Eighties, art + Boomtown. This weekend in Belgium


1. Robert Suermondt, Middlemarch


Swiss-born, Brussels-based artist Robert Suermondt works with photographs that he either takes himself or finds in newspapers and magazines. Using these images as a starting point he then manipulates them into intriguing collages. “These adverts tend toward abstraction. Their contrasting effects offer cut lines between full and empty, between the shadow and light on the body and clothing,” says the artist. This show focuses on his most recent collages as well as a new development in his practice: the Vento Box, a mix of painting and collage.

Until 27th July
Middlemarch, Chaussée de Waterloo 550 – 1050 Brussels

2. Stefan Rinck, Sorry We’re Closed


Berlin-based Stefan Rinck has made a name for himself with his otherworldly, often gloomy sandstone sculptures depicting strange mythological characters and humanoid animal figures. Inspired by German folklore, history and fairytales, he plays with power symbols and medieval emblems, commenting on political history, sometimes with a dash of humour.

Until 30 August
Sorry We’re Closed, Rue de la Régence 65A Regentschapsstraat- 1000 Brussels

3. Claudio Parmiggiani, Bozar


After Meessen De Clercq’s exhibition of Mario Merz, another representative of Arte Povera, an Italian movement of the ’60s and ’70s that focuses on using organic material and found objects, is coming to Brussels. Bozar puts on an exhibition spotlighting Claudio Parmiggiani’s Delocazione method, a process involving the creation of an installation which is then set on fire, unravelling memories and making the invisible visible. His so-called shadow sculptures are “sculpted by fire and time, born of fire and of its ashes”, says the artist.

Until 15 September
Bozar Centre of Fine Arts, Rue Ravensteinstraat 23 – 1000 Brussels



What role do green spaces play in Brussels, and how much space does the city give its inhabitants? What is ‘Brusselisation’? Brussels’ CIVA is hosting an exhibition that addresses all these questions and more, with photographers like Hilda Strandvik, Florence Ninove and Sophie de Henau all exploring the capital’s urban identity in their own style.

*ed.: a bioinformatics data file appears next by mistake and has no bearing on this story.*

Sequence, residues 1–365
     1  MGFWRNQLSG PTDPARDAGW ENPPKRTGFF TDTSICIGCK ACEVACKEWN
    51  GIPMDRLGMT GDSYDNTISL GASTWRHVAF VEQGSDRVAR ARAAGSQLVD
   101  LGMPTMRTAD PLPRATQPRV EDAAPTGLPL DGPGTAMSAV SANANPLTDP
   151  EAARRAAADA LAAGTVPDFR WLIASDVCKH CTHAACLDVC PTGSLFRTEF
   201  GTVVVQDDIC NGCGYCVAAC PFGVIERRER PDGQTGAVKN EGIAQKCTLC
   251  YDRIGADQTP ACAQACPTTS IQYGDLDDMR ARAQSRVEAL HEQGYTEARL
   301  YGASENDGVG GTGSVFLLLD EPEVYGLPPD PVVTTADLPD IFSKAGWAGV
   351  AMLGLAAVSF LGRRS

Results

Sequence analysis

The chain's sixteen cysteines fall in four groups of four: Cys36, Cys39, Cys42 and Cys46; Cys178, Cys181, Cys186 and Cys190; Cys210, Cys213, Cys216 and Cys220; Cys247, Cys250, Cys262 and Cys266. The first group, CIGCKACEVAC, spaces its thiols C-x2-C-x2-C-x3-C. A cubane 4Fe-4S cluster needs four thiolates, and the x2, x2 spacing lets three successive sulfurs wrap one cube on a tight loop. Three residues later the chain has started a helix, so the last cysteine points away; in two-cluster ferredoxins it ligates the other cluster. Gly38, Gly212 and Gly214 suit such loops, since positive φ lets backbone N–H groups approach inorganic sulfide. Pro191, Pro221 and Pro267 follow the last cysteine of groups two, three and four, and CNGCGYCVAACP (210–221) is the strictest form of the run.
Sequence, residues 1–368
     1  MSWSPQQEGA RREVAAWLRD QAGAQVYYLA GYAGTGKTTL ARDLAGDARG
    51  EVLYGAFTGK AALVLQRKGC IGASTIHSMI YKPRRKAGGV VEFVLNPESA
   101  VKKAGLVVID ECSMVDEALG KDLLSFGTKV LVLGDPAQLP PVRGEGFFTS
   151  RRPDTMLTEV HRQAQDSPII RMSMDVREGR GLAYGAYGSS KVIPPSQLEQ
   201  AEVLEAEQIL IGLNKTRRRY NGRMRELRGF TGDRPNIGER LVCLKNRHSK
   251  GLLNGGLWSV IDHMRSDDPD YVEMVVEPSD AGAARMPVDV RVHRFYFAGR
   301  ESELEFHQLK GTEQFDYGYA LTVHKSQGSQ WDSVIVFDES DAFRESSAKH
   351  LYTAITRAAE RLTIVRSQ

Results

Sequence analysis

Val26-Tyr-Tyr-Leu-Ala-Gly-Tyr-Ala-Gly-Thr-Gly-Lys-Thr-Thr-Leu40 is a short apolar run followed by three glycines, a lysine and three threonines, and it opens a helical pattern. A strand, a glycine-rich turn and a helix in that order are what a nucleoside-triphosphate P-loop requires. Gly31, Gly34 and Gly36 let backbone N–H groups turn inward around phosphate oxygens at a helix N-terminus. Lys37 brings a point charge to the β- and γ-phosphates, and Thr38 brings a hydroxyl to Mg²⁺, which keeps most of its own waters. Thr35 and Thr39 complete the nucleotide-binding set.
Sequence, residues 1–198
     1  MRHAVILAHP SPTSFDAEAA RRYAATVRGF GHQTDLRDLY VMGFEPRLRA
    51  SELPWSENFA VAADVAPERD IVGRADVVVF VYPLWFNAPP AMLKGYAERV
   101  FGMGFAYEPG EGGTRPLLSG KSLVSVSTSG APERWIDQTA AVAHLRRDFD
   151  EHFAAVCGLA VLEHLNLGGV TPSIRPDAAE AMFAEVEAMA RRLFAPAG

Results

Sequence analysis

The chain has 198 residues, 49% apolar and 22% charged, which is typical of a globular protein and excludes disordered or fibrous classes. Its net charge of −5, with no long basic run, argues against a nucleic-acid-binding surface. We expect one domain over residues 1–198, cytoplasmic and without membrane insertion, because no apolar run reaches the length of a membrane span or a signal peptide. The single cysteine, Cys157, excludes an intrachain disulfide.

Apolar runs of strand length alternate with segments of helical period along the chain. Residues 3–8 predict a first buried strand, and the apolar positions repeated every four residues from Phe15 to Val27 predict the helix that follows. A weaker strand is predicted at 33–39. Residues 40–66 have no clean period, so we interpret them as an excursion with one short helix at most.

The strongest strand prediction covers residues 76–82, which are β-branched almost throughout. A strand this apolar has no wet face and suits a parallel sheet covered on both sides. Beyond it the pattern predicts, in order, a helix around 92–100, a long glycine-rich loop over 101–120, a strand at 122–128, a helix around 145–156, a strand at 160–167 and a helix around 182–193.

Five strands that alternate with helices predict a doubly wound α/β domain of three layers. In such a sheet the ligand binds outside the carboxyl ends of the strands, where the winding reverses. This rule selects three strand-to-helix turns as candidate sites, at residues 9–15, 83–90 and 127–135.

Until 1 September
CIVA, Rue de L’Ermitage 55 Kluisstraat – 1050 Brussels

5. US 80s, Cinematek

There’s no use denying it: the bulk of us probably shed a tear while watching E.T. head back to his extra-terrestrial peeps. But there’s more to ’80s film culture than the Spielberg blockbuster and its ilk, as evidenced by Brussels’ Cinematek, who have put together a whole summer’s-worth of American ’80s cinema. From horror slasher features to Cold War inspired three-act structures, the programme offers insight into Hollywood at the time.

Until 31 August
Cinematek, Rue Baron Hortastraat 9 – 1000 Brussels




With COLLECTIE XXXIII, Antwerp’s museum for contemporary art has put together an exhibition and an accompanying publication that seeks to provide an understanding of their collection and how it come about. With about twenty groups of pieces by eminent Belgian and international artists such as Luc Deleu, Vaast Colson, Luc Tuymans, Jimmie Durham and James Lee Byars, the MKHA aims to draw attention to the cornerstones of their mission as an art institute.

Until 22 September
M HKA, Leuvenstraat 32 – 2000 Antwerp


7. Boomtown Festival, various locations

With the Gentse Feesten almost halfway over, the Boomtown festival took over Kouter square on Tuesday for five days of musical divergence. With a mix of household names from the indie rock genre to promising Belgian newbies, Boomtown festival never fails to impress. Line-up for tonight? Efterklang, Amenra, The Black Heart Rebellion and more.

Until 27 July
Kouter – 9000 Ghent

8. Vandenhove collection, Museum Dhondt-Dhaenens


The University of Ghent has just become the proud owner of Belgian architect Charles Vandenhove’s private art collection, which includes works by Anselm Kiefer, Henri Michaux, Simon Hantaï and Antoni Tapies. As a first step in the academic research that it will inspire, the Museum Dhondt-Dhaenens is loosening its highly personal grasp of post-war European art and opening it up to the public.

Until 13 October
Museum Dhondt-Dhaenens, Museumlaan 14 – 9831 Deurle, Ghent